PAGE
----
I love the curve of the line the pattern makes around the side to the back.  There are a lot of patterns I’ve sewn and enjoyed, but some have little design elements that make me feel little flutters of happiness when I see the kids running around in them.  This top is one of them.  It’s my spidey sense seal of approval.  I love the pattern designer, Celina from Petit a petit and family, and her sense of style, so I had a hunch that I would really take to this pattern.

Ash Jumpsuit sewn by Adirondack Inspired

A little sidenote about the differences in the pics…the photoshoot was done in three different takes.  Basically, it goes like this… run outside and snap a bunch of photos until the mosquitoes find you, then flee into the house.  Repeat!

I love it paired with little leggings, too.  This was also the allure of not sewing it as a romper, but having separate pieces.  She was throwing rocks off the ledge here…and by ledge I mean cliff. This is her response to ‘mom is trying to save my life again…’  Moms are such a buzzkill, man.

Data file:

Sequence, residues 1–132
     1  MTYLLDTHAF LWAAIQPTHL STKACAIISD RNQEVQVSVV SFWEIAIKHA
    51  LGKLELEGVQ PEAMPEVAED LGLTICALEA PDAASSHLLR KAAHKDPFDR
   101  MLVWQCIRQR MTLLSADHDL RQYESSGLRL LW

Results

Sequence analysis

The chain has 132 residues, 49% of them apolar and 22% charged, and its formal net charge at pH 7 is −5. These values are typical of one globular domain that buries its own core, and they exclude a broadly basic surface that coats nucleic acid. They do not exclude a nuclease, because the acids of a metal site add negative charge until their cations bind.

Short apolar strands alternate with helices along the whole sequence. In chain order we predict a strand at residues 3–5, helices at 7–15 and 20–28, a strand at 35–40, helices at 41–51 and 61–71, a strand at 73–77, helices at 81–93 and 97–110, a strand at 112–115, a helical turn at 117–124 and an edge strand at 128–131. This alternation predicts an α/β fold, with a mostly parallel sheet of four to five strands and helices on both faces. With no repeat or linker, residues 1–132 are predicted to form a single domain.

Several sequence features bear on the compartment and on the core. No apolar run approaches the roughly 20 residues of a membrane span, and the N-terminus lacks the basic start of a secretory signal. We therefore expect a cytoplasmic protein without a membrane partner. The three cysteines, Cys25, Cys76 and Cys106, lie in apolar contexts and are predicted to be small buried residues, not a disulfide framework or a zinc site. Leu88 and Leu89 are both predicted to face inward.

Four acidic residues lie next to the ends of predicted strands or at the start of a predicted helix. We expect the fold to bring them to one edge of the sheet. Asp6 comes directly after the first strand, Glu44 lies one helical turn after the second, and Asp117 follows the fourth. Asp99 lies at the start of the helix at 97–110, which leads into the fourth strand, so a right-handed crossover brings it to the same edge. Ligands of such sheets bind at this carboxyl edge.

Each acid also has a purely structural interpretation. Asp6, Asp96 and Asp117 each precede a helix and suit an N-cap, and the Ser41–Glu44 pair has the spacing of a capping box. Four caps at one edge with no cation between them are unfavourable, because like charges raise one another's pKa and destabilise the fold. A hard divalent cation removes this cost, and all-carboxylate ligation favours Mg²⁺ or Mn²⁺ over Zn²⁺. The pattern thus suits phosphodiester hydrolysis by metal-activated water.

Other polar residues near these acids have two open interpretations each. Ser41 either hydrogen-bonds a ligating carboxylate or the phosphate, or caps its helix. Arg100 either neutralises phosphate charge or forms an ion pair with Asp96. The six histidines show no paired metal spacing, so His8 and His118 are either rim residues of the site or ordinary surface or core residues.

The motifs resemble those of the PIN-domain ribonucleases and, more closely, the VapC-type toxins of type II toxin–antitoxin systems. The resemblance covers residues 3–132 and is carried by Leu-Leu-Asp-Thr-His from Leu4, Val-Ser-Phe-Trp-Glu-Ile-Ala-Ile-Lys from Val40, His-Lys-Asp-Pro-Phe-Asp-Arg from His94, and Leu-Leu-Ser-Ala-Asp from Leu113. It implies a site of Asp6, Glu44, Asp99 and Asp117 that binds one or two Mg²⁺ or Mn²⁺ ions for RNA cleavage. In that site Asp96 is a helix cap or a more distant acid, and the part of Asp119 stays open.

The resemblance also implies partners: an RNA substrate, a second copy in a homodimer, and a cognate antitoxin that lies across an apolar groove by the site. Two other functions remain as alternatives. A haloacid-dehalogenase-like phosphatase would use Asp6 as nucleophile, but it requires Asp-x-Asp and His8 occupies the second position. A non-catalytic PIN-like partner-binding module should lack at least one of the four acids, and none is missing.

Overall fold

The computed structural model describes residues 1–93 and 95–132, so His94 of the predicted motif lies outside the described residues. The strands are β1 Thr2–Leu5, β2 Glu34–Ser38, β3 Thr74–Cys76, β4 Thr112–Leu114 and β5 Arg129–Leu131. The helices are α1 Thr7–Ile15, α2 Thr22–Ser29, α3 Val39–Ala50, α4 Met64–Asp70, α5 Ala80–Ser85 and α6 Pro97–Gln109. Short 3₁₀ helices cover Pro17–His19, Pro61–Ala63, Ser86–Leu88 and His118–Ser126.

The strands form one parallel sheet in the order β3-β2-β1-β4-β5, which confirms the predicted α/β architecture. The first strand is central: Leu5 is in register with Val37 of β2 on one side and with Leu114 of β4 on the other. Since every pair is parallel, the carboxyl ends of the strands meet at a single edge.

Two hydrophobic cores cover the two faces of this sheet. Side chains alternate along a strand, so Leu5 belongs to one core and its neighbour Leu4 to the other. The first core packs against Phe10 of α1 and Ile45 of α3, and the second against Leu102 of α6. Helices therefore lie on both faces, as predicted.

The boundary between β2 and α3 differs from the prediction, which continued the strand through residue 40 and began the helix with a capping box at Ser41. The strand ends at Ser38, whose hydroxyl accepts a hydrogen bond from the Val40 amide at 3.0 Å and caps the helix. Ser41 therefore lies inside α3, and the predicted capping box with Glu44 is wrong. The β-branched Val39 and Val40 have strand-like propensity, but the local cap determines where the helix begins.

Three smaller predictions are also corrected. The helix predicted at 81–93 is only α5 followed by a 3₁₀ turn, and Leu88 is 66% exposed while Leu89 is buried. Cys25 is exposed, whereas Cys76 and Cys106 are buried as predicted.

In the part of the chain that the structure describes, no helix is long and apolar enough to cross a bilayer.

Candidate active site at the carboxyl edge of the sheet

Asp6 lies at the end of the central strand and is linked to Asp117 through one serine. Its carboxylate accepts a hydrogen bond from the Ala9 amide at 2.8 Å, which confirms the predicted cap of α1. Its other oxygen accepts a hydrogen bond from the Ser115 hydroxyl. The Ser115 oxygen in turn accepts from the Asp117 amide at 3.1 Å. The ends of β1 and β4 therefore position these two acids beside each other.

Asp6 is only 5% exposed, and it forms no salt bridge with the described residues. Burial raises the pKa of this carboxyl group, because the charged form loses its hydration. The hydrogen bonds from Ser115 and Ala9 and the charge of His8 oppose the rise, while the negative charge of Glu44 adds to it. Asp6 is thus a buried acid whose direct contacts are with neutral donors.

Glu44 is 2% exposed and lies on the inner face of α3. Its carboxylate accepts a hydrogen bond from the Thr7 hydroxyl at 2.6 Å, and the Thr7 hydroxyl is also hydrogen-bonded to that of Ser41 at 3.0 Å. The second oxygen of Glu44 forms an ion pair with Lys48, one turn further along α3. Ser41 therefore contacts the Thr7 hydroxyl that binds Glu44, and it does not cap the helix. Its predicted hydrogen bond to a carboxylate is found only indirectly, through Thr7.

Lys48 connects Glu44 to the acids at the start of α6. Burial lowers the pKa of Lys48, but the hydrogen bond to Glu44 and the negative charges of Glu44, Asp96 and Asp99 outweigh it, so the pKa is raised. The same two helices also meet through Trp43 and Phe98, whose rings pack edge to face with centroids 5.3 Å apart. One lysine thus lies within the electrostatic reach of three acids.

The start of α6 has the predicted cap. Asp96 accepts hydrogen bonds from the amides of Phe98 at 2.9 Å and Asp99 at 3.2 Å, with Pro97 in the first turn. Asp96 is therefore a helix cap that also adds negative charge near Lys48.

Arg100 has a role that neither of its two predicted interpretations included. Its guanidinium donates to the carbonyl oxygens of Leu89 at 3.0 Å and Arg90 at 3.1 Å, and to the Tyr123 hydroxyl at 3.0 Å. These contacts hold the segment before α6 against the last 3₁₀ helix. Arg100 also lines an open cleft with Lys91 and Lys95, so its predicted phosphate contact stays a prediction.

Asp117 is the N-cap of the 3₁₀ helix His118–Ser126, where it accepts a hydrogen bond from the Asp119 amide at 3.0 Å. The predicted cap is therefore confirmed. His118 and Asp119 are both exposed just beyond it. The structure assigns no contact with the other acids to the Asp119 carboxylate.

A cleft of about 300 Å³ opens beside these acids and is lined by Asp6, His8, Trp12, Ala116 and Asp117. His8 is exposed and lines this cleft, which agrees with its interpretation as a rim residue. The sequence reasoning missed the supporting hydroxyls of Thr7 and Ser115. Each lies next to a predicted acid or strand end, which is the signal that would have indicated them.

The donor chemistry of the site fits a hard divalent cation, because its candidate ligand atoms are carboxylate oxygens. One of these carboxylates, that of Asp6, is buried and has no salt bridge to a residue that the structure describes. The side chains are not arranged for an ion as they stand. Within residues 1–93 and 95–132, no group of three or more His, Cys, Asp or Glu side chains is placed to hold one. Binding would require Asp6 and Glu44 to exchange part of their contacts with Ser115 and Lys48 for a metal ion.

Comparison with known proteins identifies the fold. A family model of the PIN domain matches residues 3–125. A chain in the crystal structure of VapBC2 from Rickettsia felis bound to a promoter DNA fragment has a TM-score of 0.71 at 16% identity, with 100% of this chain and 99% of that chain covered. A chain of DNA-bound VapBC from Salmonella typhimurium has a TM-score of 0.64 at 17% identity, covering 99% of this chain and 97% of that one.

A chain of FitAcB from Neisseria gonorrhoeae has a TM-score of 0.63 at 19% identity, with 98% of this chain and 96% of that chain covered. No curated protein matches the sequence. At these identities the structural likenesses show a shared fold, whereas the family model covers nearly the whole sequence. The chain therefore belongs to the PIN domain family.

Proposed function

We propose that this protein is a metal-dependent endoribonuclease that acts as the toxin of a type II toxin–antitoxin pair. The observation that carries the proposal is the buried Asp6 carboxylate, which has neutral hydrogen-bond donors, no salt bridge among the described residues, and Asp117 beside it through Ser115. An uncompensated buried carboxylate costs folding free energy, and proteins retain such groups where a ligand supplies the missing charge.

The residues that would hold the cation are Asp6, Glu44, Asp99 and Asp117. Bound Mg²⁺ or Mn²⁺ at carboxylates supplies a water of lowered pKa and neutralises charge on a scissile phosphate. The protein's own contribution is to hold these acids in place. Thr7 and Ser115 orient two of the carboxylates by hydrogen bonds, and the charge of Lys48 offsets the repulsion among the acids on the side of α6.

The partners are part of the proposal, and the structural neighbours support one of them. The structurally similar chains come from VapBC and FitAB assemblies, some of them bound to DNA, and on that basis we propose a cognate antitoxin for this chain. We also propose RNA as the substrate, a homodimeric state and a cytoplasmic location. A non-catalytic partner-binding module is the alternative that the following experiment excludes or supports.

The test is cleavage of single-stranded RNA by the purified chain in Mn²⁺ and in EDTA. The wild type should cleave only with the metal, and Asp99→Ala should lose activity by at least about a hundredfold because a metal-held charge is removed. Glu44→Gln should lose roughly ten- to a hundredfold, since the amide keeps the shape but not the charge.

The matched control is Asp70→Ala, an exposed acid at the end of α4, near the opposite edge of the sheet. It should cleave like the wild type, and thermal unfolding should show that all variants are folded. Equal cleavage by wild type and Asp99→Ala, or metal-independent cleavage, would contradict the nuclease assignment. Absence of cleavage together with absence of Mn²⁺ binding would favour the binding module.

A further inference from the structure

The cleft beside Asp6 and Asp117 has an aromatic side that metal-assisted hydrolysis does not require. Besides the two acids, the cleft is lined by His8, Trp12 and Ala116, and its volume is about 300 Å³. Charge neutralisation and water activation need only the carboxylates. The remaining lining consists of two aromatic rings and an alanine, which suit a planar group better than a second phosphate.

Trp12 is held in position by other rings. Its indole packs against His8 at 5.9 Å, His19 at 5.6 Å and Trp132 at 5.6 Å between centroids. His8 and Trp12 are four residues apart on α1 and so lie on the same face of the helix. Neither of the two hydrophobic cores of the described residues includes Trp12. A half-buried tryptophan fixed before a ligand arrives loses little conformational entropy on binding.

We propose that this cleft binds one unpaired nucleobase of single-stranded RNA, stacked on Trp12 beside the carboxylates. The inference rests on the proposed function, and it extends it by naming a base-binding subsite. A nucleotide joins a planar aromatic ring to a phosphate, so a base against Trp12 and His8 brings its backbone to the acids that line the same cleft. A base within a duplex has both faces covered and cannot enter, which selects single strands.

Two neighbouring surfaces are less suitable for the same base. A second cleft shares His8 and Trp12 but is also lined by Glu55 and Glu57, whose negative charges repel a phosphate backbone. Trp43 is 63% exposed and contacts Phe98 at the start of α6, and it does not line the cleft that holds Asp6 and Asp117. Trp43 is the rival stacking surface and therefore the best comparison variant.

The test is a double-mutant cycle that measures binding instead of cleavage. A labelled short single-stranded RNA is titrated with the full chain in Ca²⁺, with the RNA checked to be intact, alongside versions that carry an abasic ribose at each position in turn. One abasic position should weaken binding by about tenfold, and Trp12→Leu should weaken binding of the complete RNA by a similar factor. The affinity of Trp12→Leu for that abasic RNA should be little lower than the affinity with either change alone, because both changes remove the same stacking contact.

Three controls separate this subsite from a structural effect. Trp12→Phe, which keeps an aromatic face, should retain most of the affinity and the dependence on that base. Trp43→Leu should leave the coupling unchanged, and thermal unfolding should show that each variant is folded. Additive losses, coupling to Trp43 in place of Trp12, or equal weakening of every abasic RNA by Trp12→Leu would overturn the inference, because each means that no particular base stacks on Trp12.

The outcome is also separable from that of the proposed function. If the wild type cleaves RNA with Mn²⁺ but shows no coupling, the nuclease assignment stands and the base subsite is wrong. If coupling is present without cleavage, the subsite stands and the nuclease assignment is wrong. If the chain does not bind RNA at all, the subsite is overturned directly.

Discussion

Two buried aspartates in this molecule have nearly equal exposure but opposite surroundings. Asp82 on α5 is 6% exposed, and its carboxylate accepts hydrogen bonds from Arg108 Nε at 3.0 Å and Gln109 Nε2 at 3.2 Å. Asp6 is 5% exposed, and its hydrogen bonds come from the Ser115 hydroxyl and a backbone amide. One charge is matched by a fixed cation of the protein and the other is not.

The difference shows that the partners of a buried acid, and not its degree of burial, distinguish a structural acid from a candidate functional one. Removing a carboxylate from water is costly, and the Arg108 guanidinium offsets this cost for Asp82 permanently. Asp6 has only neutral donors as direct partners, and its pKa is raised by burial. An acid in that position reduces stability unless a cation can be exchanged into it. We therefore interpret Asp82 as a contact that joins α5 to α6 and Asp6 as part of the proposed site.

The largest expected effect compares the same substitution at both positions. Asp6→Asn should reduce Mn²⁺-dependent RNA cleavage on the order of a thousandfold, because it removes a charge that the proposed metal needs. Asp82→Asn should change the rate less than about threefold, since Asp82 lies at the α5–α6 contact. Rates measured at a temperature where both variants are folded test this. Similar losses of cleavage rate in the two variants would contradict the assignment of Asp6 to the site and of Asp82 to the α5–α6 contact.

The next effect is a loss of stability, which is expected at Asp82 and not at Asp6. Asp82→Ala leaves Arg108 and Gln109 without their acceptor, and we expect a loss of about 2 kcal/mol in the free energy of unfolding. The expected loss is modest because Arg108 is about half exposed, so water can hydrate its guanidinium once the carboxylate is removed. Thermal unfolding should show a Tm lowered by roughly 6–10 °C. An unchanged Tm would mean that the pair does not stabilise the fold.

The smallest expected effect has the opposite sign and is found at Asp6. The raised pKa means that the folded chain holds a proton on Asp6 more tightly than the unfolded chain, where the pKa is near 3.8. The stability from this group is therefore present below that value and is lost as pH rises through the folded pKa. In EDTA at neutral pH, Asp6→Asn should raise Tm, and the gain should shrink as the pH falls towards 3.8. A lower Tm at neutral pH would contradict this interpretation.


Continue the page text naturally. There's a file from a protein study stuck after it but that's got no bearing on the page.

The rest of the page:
Ash Jumpsuit sewn by Adirondack Inspired Ash Jumpsuit sewn by Adirondack Inspired

 

Oh, and this is the very first time she ever let me put pigtails in her hair.  Major win.  It does not get cuter than pigtails.

Ash Jumpsuit sewn by Adirondack Inspired Ash Jumpsuit sewn by Adirondack Inspired Ash Jumpsuit sewn by Adirondack InspiredAsh Jumpsuit sewn by Adirondack Inspired

Oh, AND…today is the LAST DAY to get 30% off your Willow & Co. patterns.  Seriously, scoop that deal UP!!  There are so many great patterns in this collective, so stock up while you can!

 

Foxglove Tank

A new pattern is buzzing around the internet, and for very good reasons.  Lauren Dahl, of the blog Baste and Gather, and the designer at Selvage Designs, has come out with her first women’s pattern–The Foxglove.  And oh boy, do I love this top.  I’ve worn it an embarrassing number of times already, and it receives the most complements.  Strangers comment on this baby, not just the ‘let’s humor her’ crowd of great family and friends I have.   Although, hi guys, I love you for always complementing something you think I may have made.